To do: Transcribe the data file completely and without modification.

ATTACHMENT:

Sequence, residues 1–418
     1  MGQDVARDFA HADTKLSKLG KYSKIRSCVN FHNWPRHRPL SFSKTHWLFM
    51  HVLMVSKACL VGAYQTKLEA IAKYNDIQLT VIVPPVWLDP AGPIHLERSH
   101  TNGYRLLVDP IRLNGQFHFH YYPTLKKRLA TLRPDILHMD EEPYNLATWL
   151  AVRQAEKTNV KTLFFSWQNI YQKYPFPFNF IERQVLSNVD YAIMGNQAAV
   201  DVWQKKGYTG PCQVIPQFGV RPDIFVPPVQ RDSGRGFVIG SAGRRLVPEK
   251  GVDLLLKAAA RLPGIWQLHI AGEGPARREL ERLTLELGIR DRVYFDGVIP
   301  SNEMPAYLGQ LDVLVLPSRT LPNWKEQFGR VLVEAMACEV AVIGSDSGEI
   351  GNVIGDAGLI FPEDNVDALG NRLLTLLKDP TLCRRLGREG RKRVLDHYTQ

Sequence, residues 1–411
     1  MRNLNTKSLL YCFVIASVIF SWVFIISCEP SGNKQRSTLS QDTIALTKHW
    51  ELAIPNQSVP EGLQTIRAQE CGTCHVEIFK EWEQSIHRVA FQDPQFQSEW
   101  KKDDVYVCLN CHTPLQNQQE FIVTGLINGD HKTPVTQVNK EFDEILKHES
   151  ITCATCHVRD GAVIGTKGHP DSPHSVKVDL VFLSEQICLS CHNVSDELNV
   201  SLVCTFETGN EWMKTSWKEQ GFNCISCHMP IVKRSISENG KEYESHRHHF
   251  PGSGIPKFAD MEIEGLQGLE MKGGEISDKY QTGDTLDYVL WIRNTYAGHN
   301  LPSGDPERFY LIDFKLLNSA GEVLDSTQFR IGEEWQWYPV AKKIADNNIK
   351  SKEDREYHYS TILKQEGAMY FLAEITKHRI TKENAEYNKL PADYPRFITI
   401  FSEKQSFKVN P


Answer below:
Sequence, residues 1–418
     1  MGQDVARDFA HADTKLSKLG KYSKIRSCVN FHNWPRHRPL SFSKTHWLFM
    51  HVLMVSKACL VGAYQTKLEA IAKYNDIQLT VIVPPVWLDP AGPIHLERSH
   101  TNGYRLLVDP IRLNGQFHFH YYPTLKKRLA TLRPDILHMD EEPYNLATWL
   151  AVRQAEKTNV KTLFFSWQNI YQKYPFPFNF IERQVLSNVD YAIMGNQAAV
   201  DVWQKKGYTG PCQVIPQFGV RPDIFVPPVQ RDSGRGFVIG SAGRRLVPEK
   251  GVDLLLKAAA RLPGIWQLHI AGEGPARREL ERLTLELGIR DRVYFDGVIP
   301  SNEMPAYLGQ LDVLVLPSRT LPNWKEQFGR VLVEAMACEV AVIGSDSGEI
   351  GNVIGDAGLI FPEDNVDALG NRLLTLLKDP TLCRRLGREG RKRVLDHYTQ

Sequence, residues 1–411
     1  MRNLNTKSLL YCFVIASVIF SWVFIISCEP SGNKQRSTLS QDTIALTKHW
    51  ELAIPNQSVP EGLQTIRAQE CGTCHVEIFK EWEQSIHRVA FQDPQFQSEW
   101  KKDDVYVCLN CHTPLQNQQE FIVTGLINGD HKTPVTQVNK EFDEILKHES
   151  ITCATCHVRD GAVIGTKGHP DSPHSVKVDL VFLSEQICLS CHNVSDELNV
   201  SLVCTFETGN EWMKTSWKEQ GFNCISCHMP IVKRSISENG KEYESHRHHF
   251  PGSGIPKFAD MEIEGLQGLE MKGGEISDKY QTGDTLDYVL WIRNTYAGHN
   301  LPSGDPERFY LIDFKLLNSA GEVLDSTQFR IGEEWQWYPV AKKIADNNIK
   351  SKEDREYHYS TILKQEGAMY FLAEITKHRI TKENAEYNKL PADYPRFITI
   401  FSEKQSFKVN P